Did you know that due to stereotypes all around us, research show girls decide "they don't like maths and they don't like tech" at the age of 6?!

That's why we need Tech London Advocates (thank you Russ Shaw), & Women in Tech (thank you Sarah & Nikki). 

What I love about Women in Tech is it's very action-oriented approach.
Visit the website to see what I mean:



On the website you see the starting point is awareness.

It's amazing what awareness can do.

When you become aware of how dire a situation is, unless you're a completely heartless human being, you'll probably want to change it.

And when you become aware of how women are often excluded in the tech sector, you realise it makes bad business sense.

So here are some things people should be aware of:

- Research by McInsey shows that gender diverse companies are 15% more likely to be profitable than non-gender diverse companies

- In terms of a GROWTH MARKET, the growth market for women is TWICE the growth market for China and India combined!

Sure, get on a plane to China.

But maybe also think about targeting a market much closer to home.

Maybe DON'T ignore 50% of your prospective talent pool.

And of course women are more than 50% of your potential market: women are responsible for 80% of consumer spending decisions, even when they're not actually in the shop... (Because we're everywhere!)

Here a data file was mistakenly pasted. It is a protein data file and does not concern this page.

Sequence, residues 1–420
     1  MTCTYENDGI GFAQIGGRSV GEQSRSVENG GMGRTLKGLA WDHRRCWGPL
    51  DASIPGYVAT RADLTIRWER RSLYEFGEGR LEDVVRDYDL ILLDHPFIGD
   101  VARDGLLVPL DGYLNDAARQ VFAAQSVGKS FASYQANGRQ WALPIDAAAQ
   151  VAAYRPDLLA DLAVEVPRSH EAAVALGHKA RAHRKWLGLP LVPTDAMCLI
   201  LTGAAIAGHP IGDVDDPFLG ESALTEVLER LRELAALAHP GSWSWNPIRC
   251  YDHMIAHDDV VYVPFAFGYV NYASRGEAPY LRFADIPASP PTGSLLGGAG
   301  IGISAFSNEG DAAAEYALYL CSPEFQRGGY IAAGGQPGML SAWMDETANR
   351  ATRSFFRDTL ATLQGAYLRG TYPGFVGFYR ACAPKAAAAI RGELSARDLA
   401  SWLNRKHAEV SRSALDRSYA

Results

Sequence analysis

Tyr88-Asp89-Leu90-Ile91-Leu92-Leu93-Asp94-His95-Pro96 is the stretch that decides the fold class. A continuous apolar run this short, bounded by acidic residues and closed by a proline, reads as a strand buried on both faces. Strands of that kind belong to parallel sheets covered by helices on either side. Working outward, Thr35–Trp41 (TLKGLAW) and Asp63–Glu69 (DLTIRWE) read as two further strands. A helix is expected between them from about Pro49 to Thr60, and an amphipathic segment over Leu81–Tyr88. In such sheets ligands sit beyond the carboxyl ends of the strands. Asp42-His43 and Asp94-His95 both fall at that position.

Growing awareness of this fact - that women drive consumer spending - has made me more and more popular.

To be honest, in the past, being a Diversity Executive wasn't so much fun.

The phone never rang.

These days it rings off the hook.

People are suddenly like, "wow, diversity can make me rich!"

And that's fine.

Of course there's the moral side of the equation, which is simply that everyone who has talent and works hard, should have the same chance to succeed.

You shouldn't lose your career because you're the wrong gender or colour.

Or because you have a disability, or are LGBT, or because your parents don't have networks.

That's why people come up with diversity policies.

But people don't realise it's not just companies that have diversity policies, countries can have them too.